Offering good advice, stocking effective products, and not forgetting marketing, can help build your skincare category and help take pressure off GPs for a proportion of these consultations

The skincare sector is huge, as most people will be using a variety of skincare products, but with so many brands in the market it can be hard to tell what’s going to be a bestseller. Sometimes, a product can take everybody by surprise. In March, a single social media post increased a product’s sales by almost 800 per cent.

“A customer posted on her Facebook page that our baby moisturiser helped her psoriasis,” reports Jenny Walker, marketing manager from Childs Farm. “The post went viral and has now been shared more than 62,000 times. As a result, we’ve been featured in the Daily Mail, OK! and more. We saw an uplift of 778 per cent in sales of our baby moisturiser in a week. It’s an incredibly exciting time and just shows you the power of social media.”

Pharmacy teams are advised to take the time monitor the media, social and otherwise. It’s not just a way of finding popular brands, but staying abreast of news and trends in skincare can also help pharmacy staff when giving healthcare advice. “Two in five parents no longer go straight to the GP with their child’s eczema,” suggests Toby Cobbledick from Mölnlycke. “The role of community pharmacists in providing patient support and education has increased.”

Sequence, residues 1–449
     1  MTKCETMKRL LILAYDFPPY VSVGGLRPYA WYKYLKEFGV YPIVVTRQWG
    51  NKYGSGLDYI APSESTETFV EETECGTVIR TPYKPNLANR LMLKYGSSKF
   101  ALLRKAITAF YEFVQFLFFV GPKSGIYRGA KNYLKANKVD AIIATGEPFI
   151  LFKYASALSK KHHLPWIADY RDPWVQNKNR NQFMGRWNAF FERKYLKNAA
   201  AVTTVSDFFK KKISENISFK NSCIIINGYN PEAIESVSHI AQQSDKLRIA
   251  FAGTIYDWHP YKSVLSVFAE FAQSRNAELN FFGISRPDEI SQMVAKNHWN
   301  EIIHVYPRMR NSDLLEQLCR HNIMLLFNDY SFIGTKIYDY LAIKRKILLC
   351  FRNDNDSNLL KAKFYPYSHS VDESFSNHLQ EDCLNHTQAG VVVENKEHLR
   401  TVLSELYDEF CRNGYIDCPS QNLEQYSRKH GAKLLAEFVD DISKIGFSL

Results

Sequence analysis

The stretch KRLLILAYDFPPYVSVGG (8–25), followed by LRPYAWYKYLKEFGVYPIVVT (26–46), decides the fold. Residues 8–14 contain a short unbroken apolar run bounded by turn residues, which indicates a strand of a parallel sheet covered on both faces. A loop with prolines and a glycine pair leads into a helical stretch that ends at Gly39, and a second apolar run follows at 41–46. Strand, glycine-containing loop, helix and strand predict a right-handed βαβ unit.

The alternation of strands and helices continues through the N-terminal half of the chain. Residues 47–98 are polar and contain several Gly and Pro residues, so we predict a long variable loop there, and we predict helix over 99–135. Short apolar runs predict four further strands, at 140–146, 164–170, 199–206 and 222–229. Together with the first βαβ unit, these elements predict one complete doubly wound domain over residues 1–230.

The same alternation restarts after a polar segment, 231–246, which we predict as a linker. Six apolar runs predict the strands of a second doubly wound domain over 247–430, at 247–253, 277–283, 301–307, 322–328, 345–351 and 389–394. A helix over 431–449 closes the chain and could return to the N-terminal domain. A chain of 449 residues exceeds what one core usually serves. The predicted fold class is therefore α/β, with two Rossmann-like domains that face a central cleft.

Tools, advice and support

Skincare brand Epaderm is focusing on education and support by providing tools such as the Epaderm Eczema Tracker, a downloadable diary that allows parents to record and track skin conditions (red, itchy, flare up, better than average, worse than average), exposure to likely triggers and when treatment was applied. When completed this is an aid to self care and in consultations with healthcare professionals.

The brand plans to expand the range of information it makes available to parents and partners in community pharmacy. “When community pharmacies provide emollients such as Epaderm over the counter, they potentially reduce the requirement for a GP appointment,” says Mr Cobbledick. “This gives their customers a convenient service and helps to relieve some pressure on NHS GPs, while building their pharmacy business.”

Customers looking for effective emollients often seek advice from pharmacy teams. Cetraben is building on this, too, with an above-the-line campaign (TV and press), social media, PR and digital activation. “It’s our objective to empower problematic skin sufferers to be confident and comfortable in their skin, so our campaign focuses on eczema sufferers bringing their powerful, inspirational stories to light,” says brand manager Amy Brennan.

“This year Cetraben has been awarded a product validation certificate by the British Skin Foundation. We are extremely proud of this validation. Being one of the only eczema and dry-skin brands to have been awarded this is such an honour and the recognition further cements our commitment to developing innovative products that are widely available and provide relief to the millions of eczema and dry-skin sufferers in the UK. This partnership will form the heart of our campaign this year.”